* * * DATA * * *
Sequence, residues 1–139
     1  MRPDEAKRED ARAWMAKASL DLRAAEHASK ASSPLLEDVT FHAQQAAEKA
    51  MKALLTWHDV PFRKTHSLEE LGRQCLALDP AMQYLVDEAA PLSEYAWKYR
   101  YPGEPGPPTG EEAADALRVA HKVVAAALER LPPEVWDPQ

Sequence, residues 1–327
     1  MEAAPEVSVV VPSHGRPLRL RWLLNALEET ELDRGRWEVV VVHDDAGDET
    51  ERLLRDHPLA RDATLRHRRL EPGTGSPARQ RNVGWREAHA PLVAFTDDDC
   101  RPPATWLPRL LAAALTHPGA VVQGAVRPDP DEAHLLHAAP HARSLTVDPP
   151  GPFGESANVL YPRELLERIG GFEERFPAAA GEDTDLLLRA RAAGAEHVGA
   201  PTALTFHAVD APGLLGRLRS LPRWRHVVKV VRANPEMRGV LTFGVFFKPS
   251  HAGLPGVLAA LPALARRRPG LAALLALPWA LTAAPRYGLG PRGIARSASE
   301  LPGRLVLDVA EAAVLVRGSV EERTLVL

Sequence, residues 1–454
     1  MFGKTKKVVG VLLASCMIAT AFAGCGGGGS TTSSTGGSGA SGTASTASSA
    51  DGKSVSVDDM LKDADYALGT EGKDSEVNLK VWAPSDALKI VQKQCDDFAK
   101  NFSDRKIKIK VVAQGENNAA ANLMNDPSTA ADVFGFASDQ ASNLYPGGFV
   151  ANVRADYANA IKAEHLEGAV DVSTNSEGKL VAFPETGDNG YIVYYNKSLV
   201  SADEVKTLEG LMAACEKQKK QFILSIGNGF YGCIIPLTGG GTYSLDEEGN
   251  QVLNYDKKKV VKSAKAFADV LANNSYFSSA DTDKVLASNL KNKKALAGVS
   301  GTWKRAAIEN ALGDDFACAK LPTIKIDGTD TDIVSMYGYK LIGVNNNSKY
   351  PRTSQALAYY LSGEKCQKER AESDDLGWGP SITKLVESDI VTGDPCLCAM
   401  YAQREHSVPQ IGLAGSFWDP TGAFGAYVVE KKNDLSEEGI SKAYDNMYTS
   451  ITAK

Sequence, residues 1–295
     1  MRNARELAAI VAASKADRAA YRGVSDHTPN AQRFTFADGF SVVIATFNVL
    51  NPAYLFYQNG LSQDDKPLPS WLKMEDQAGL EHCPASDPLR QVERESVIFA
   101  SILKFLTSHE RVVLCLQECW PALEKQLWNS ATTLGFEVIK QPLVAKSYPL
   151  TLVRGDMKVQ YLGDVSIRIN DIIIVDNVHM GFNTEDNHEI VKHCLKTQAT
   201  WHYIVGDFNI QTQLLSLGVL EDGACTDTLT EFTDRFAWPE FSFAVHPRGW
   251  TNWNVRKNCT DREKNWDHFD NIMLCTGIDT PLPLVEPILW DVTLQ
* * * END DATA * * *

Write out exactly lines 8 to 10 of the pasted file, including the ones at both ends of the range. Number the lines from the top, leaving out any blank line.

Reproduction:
   101  RPPATWLPRL LAAALTHPGA VVQGAVRPDP DEAHLLHAAP HARSLTVDPP
   151  GPFGESANVL YPRELLERIG GFEERFPAAA GEDTDLLLRA RAAGAEHVGA
   201  PTALTFHAVD APGLLGRLRS LPRWRHVVKV VRANPEMRGV LTFGVFFKPS